If you are new to the whole watch collecting thing and want to start with a nice watch for the budget, then this might be good for you. It’s a GMT for travel, with a case that can handle all of your dives, and it can dress up too. For a price of only $200 this is a good intro to the watch world. If you like what you see, go check it out at phoiboswatch.com.

Review Summary

  • Make and model:  Phoibos Eagle Ray GMT
  • Price:  $200 USD
  • Who’s it for? Travelers and new watch collectors.
  • Would I wear it? For the looks, yes. Cause its quartz, no.
  • What I’d change: Go automatic.
  • The best things about it: Build quality and looks.

Tech Specs from Phoibos

  • Dial:Blue to Black
  • Caliber No.: SWISS RONDA 515-24H
  • Case: 316L Stainless steel
  • Band: 20mmwidth Black Tropical Rubber Strap
  • Glass:Double Domed Sapphire crystal with 3 layers anti reflective under coating
  • Water resistance: 300M(1000ft) suitable for Swimming & Snorkeling & Scuba Diving
  • Case size: Diameter 41.0mm.  Thickness 10.5mm.  47mm lug to lug
  • Bezel:120-click bi-directional bezel
  • Crown:Screw-Down crown
  • Lume: 12 layers Super-LumiNova BGW9 on hands, indices and bezel marking
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RGM announces a new GMT, the Model 500-GMT-RS https://wristwatchreview.com/2019/12/10/rgm-announces-a-new-gmt-the-model-500-gmt-rs/ Tue, 10 Dec 2019 13:55:11 +0000 https://wristwatchreview.com/?p=140140 RGM is one of the only active watchmakers in America. Nestled in an old bank building in Pennsylvania’s Amish Country, Roland and his team have been building beautiful watches, one at a time, for years.

Now they’ve announced the Model 500-GMT-RS, a bidirectional GMT with special styling based on the bicycle frame builder Richard Sachs’ unique creations.

From the release:

The Model 500-GMT-RS is the first RGM with a bi-directional-turning GMT bezel. The watch is designed as a sport watch that is also ideal for travel when using the 24-hour GMT hand and bezel. To help ensure the durability, the watch has two case-back gaskets, a 2mm thick sapphire crystal, and a high-quality screw-down crown.

Bicycle frame builder Richard Sachs and Roland Murphy have a passion for handcrafting and making very special products for their clients, often creating bespoke pieces of art. They can be described as traditionalists who believe in providing customer service and building the right product for each individual.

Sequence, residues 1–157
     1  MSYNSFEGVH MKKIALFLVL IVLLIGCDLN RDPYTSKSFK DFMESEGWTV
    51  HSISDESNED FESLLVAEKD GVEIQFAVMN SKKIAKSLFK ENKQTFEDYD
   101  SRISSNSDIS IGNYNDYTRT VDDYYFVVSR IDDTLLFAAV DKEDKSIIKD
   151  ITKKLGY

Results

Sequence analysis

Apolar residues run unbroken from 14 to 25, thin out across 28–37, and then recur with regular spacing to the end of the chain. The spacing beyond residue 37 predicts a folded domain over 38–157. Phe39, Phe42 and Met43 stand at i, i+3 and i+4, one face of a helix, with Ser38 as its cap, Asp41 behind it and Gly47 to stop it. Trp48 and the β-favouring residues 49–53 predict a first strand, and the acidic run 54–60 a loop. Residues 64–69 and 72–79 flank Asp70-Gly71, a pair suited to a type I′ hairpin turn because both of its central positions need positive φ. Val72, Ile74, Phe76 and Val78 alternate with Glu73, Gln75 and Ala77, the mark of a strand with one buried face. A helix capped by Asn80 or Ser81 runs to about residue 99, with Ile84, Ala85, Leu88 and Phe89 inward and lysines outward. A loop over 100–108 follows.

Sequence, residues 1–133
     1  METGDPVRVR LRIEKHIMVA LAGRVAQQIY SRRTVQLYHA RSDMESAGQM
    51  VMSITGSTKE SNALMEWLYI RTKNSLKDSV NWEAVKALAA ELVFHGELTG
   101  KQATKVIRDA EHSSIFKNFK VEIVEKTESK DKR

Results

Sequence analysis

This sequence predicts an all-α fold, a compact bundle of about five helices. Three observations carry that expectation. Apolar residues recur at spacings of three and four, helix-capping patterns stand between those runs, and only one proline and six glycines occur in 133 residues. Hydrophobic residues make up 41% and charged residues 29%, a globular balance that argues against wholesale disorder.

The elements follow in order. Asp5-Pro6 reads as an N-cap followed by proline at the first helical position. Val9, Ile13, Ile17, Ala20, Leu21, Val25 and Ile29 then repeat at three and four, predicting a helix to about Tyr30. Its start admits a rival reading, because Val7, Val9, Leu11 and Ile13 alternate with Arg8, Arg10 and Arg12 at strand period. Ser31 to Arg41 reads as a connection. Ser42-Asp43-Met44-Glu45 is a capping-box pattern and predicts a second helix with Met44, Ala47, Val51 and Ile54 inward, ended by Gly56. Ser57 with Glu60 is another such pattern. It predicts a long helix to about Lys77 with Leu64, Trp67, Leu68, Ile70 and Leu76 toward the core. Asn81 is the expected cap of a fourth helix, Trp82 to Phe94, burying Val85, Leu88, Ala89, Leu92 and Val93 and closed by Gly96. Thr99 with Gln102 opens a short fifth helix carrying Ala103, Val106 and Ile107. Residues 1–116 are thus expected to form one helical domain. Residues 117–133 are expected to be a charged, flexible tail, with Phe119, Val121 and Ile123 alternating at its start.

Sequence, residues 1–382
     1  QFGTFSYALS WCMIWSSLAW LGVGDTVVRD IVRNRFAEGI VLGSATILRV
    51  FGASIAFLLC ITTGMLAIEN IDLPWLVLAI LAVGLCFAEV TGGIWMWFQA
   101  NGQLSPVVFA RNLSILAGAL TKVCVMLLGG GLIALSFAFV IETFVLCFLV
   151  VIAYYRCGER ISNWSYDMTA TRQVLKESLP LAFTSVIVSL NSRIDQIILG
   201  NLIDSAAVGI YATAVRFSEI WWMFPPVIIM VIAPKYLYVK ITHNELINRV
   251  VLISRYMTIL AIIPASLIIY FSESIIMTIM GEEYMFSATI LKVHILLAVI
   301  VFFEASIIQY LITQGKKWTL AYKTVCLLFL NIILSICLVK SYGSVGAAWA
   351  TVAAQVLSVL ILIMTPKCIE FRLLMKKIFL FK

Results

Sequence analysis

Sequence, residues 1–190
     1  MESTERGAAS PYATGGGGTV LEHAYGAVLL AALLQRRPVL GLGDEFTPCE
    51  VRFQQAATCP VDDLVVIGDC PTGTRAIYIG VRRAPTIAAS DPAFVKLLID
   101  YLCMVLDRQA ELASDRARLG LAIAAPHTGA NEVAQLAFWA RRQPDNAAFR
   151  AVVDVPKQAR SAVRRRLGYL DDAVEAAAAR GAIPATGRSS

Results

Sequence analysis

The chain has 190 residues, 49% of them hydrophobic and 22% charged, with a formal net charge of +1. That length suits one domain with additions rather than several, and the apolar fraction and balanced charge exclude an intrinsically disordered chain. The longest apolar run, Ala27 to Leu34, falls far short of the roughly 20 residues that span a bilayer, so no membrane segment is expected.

The watch isn’t much more than a standard GMT – you pull the crown out to the second position to snap the hour hand forward and back – but Roland and team have added a bidirectional bezel to make it easier to set a third timezone. The piece runs a RGM-ETA 2893-2 GMT automatic movement in a 41mm. It’s beautifully finished by the team in Pennsylvania and is one of RGM’s bolder pieces.

It’s limited to 50 pieces and costs $4,750 – not too shabby for an American-made watch.

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A quick Skagen roundup https://wristwatchreview.com/2019/12/10/a-quick-skagen-roundup/ Tue, 10 Dec 2019 13:00:00 +0000 https://wristwatchreview.com/?p=140072 Skagen is a brand that I’ve gotten more familiar with over the last year. I’ve had one of their watches in my collection for almost 12 years now (my wedding watch), and have spent time with several of their newer releases this year. For today, we’re going to blast through a handful of other offerings we’ve not covered as of yet, as they present some interesting options.

First up, we’ve got the $125 Skagen Sketchable. For the dial and case, these present as fairly standard (read: clean and crisp) design for the brand, with a difference that’s noticeable once you take a closer look. The indices, numerals, “lume strip” on the hands, and even the logo all look to be hand-drawn. On the included brown leather strap, even the “stitching” is drawn in. The kit itself also comes along with a blank white strap – and a marker – for you to create your own artwork. So, go ahead, and indulge your inner Keith Haring (you can practice on the box first) and make that strap your own. The Skagen Sketchable is available in both 38mm and 45mm diameter.